Alopecia in Dogs & Cats – Why Your Pet is Losing Hair

Growing up and through college, I had long curly Greek blond
locks of hair whenever I let my hair grow. Yet as my maternal grandfather had
male pattern baldness, I knew I wouldn’t have my hair forever. Indeed, in
veterinary school my receding hairline became obvious. Hair loss or alopecia had
set in. I had male pattern hair loss. Dogs and cats develop alopecia too.
Indeed, alopecia is one of the most common reasons pet parents bring their fur
babies to the hospital for evaluation by a veterinarian. So, this week’s post
is dedicated to alopecia in dogs and cats to raise awareness of this medical
problem. Happy reading!

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Alopecia – What is it?

Alopecia is simply defined as hair loss. There are myriad
causes of hair loss in dogs and cats. Before we delve into them, let’s first
explain some basics of hair anatomy growth. Hair is composed of the follicle
and the shaft. The former is the segment found in the skin and has several
structures including the papilla (contains small blood vessels called
capillaries), the bulb (that divides frequently), and two sheaths that protect
the shaft. Follicles are intimately related to different types of glands (i.e.:
sebaceous glands, apocrine glands) and muscles (i.e.: erector pili). Hair
shafts are made of keratin, a dead protein.

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Illustration of normal anatomy of skin and hair. Illustration courtesy of the Merck Veterinary Manual.

Hair grows in different phases. The phase of active hair
growth is called anagen. Hair subsequently enters a transient phase called
catagen before entering the resting phase called telogen. Once a hair enters
the telogen phase, a new hair enters the anagen phase and the telogen phase is
shed. Shedding is called the exogen phase. Hairs of different breeds of dogs
spend variable amounts in each phase. Most dogs have a telogen-predominant
cycle of hair growth. This means their anagen phase is short (1 month to a year
or more) and then hairs enter the telogen phase for a prolonged period of time,
potentially years for Nordic breeds. At some point, the telogen hair falls out
and is replaced by a newly developing anagen hair. The trigger for a telogen
hair to fall out and for a new anagen hair to grow is unknown. Some breeds like
poodles have an anagen-predominant cycle (similar to people), necessitating
regular haircuts.  

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The different phases of hair growth. Illustration courtesy of the University of Tennessee’s College of Veterinary Medicine.

Alopecia – What causes it?

As I mentioned earlier, there are a plethora of causes of
alopecia in dogs and cats. Veterinarians initially categorize alopecia based on
whether or not the patient has pruritus, otherwise known as itchiness. Major
causes of itchy alopecia are allergies, infections (parasites, bacterial yeast),
and some cancers.

If patients have alopecia without itchiness, then the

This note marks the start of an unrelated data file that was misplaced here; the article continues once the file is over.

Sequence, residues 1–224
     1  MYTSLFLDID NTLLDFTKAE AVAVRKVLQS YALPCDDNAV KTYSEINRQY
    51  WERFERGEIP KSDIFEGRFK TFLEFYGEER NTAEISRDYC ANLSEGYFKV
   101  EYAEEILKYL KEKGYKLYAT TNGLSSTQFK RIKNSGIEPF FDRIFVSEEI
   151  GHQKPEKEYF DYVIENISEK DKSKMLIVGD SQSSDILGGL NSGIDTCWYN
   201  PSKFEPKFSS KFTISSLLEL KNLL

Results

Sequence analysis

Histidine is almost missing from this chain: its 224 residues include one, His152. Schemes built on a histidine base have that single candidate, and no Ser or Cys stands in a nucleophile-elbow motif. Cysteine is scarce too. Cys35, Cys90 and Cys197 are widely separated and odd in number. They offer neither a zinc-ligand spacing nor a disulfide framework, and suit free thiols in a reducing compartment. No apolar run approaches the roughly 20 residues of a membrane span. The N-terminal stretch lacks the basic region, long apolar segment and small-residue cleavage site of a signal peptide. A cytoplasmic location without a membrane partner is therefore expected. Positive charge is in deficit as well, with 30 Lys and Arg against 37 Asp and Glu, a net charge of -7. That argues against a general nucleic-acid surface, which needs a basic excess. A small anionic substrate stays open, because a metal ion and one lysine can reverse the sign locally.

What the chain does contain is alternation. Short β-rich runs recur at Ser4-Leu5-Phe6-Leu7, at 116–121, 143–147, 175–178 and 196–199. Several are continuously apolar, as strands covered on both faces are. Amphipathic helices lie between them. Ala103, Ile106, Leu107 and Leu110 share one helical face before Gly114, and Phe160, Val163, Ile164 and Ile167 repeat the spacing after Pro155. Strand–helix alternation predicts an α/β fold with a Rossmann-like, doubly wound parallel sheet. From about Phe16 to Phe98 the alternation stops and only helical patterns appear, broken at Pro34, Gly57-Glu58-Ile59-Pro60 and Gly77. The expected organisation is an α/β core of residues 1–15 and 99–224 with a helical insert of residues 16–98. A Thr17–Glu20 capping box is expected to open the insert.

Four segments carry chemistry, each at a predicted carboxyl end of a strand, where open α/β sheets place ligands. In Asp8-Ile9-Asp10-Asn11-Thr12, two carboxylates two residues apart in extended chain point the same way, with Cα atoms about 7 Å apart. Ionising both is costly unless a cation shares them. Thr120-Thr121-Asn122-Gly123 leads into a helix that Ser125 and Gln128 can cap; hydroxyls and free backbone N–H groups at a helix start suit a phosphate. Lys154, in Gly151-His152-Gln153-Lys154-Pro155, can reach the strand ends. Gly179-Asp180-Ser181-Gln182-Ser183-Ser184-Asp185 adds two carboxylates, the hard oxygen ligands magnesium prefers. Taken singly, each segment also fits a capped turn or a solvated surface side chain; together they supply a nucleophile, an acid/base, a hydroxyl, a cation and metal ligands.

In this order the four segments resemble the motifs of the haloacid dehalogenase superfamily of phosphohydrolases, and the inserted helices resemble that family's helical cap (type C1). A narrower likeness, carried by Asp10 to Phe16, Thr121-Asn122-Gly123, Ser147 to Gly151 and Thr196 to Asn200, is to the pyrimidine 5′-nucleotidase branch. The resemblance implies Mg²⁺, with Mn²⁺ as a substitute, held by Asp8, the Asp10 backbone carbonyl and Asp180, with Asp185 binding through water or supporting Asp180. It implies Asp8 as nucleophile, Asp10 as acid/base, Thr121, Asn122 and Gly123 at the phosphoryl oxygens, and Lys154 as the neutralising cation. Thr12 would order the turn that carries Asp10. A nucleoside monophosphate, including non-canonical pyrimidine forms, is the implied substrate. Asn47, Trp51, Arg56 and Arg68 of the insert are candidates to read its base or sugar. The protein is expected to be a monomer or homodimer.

alopecia is categorized based on whether or not inflammation is present. After
consideration of the presence of inflammation, veterinarians will evaluate the pattern
of hair loss can since it can provide clues about the underlying cause.

Alopecia – How is it diagnosed?

Identifying alopecia is straightforward. A pet has an area
of hair loss. The challenge is figuring out what caused the alopecia.
Veterinarians will ask a lot of questions about a pet’s environment, diet, and
previous and current medical problems. The importance of a thorough physical examination
can’t be underscored. Important findings – the feel of hair, the pattern of hair
loss, the presence of oily secretions or dandruff – can all provide clues about
the underlying cause of alopecia.

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Photo courtesy of Dr. Linda Frank and the University of Tennessee’s College of Veterinary Medicine.

Understandably, some diagnostic testing is required to
determine a definitive diagnosis. Tests may include:

  • Skin scraping – to look for certain infectious agents
  • Skin cytology – to look for abnormal cells and potential infectious agents
  • Fungal culture
  • Blood & urine tests to screen for hormone disorders (i.e.: Cushing’s disease, hypothyroidism)
  • Skin biopsy

Pet parents may find it helpful to partner with board-certified
veterinary dermatologist to develop a logical diagnostic plan.

Alopecia – How is it treated?

The good news is alopecia is rarely a life-threatening
problem. But it could be a sign of a significant underlying disease that
carries a poor prognosis, especially if not identified and treated
appropriately. Definitive treatment for alopecia is based on the underlying
cause of it. Bacterial infections are treated with antibiotics. Fungal
infections are treated with anti-fungal medications. Hormone disorders like
Cushing’s disease and hypothyroidism can be managed, but parents often find it
beneficial to partner with a board-certified veterinary internal medicine
specialist to manage these diseases long-term.

The take-away message about alopecia in dogs & cats…

Alopecia or hair loss in our pets is a common problem. There
are many potential causes, and a thorough diagnostic investigation is essential
for making an accurate diagnosis and treating a patient appropriately.

To find a board-certified veterinary dermatologist, please visit the American College of Veterinary Dermatology.

To find a board-certified veterinary internal medicine specialist, please visit the American College of Veterinary Internal Medicine.

Wishing you wet-nosed kisses,

CriticalCareDVM

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